Once Upon a Time: “Down the Saugeen – Part Two”


  Bob Johnston

Last month’s welcome reopening of the Mill Creek bridge in Port Elgin offered a reminder of the importance of bridges and waterways in Bruce County’s history. In this second part of his 1983 article, John Reynolds describes the lives of some early homesteaders who settled near its banks.

You cannot live very long near the Saugeen River without feeling its influence. The river played a crucial role in the lives of the pioneers of this region. By the time the surveyors arrived, many homesteaders had already preceded them by way of the river.

David and William Kennedy were two of the earliest pioneers to settle in Saugeen Township. They arrived in 1851 and built a small shanty, 13 feet square, near a pure, spring-fed creek. One of many annoyances the settlers had to live with was the over-abundance of mice. These rodents would chew at their shoes while they ate at the table and at night, pulled hair out of their heads while they slept. Mice used this hair for their nests.

William lived here for over thirty years and served as an elder in the Presbyterian Church in Burgoyne for twenty-five of those years. He eventually settled in Tara.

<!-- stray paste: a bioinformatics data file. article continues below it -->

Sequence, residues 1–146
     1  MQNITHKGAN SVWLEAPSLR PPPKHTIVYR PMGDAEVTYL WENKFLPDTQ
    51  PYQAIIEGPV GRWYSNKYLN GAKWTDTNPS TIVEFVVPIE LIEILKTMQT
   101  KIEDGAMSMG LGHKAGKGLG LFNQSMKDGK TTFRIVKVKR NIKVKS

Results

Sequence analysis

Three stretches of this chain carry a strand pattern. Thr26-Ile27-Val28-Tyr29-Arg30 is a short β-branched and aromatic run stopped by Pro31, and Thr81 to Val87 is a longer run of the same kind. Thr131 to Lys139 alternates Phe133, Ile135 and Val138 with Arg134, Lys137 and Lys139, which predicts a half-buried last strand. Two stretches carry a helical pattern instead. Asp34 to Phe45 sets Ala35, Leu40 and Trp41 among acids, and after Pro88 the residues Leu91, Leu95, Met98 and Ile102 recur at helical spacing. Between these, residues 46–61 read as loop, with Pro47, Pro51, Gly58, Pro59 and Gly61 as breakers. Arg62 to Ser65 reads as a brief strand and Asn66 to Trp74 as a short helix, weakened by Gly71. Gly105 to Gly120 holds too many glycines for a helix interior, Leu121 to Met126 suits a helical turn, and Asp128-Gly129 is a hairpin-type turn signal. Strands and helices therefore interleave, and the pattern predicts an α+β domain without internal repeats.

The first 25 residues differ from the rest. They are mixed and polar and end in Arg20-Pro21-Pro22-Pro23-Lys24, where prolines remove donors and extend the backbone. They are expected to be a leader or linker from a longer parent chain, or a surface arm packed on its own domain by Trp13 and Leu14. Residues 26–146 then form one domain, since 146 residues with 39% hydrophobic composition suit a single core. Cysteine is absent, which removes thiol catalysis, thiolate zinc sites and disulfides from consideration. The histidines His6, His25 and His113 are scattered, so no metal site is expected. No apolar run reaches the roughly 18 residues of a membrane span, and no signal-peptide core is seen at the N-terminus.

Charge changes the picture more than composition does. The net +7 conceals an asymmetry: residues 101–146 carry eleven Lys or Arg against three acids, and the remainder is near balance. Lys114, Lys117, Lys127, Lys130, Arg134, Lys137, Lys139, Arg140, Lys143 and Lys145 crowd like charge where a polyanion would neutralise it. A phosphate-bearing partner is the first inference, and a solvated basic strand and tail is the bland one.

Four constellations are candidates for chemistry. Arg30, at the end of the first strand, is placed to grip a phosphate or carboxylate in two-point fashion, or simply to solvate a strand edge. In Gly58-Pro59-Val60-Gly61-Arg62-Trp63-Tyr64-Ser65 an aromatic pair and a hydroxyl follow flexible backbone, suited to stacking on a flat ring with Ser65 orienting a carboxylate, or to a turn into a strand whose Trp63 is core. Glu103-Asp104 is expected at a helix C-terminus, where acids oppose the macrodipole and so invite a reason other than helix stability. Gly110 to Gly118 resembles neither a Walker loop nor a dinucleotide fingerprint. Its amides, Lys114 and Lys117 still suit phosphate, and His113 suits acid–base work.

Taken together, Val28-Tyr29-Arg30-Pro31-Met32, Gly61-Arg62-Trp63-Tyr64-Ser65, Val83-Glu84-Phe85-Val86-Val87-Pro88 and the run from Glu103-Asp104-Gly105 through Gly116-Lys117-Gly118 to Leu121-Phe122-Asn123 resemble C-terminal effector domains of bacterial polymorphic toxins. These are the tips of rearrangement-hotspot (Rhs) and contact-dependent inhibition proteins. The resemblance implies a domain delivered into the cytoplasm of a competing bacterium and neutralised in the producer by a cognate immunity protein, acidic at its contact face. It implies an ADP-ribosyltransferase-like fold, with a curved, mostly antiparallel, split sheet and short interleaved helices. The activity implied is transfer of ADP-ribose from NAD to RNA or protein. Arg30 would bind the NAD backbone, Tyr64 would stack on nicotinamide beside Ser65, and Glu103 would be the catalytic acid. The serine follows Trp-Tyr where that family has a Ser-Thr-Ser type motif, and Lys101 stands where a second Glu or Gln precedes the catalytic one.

Courtesy of Bruce County Museum & Cultural Centre, AX2011.406.001

David Brown Milne was born in 1882 in a small frame house on Concession 10 in Saugeen Township. David was the youngest of ten children born to William and Mary (Doverty). After arriving with his family from Fyvie, Aberdeenshire, Scotland, William hired himself out as a farm labourer. Their rented house was situated near the Saugeen River and surrounded by a forest of hard maples. This offered the boy an idyllic place to explore the countryside and discover the beauty of nature. 

When David was about eight years old the family moved to Paisley where the boy finished public school and then graduated from Walkerton High School. He taught for several years in Elderslie and Saugeen Townships, earning money to repay his debts before returning to art, his first love. At twenty-one, the young artist set off for New York and eventual fame. His paintings are found in major galleries across Canada.



This article was first written for the Bruce County Historical Society’s 1983 Yearbook
and adapted by Bob Johnston